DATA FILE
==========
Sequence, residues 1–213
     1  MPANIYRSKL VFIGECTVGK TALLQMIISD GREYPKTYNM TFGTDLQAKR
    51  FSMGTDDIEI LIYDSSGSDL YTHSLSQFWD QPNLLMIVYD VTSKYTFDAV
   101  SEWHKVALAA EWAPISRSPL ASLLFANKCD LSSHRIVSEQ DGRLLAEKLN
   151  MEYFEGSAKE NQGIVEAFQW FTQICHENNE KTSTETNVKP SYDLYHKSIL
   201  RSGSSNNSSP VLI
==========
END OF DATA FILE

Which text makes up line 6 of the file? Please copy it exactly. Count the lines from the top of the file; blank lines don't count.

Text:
   201  RSGSSNNSSP VLI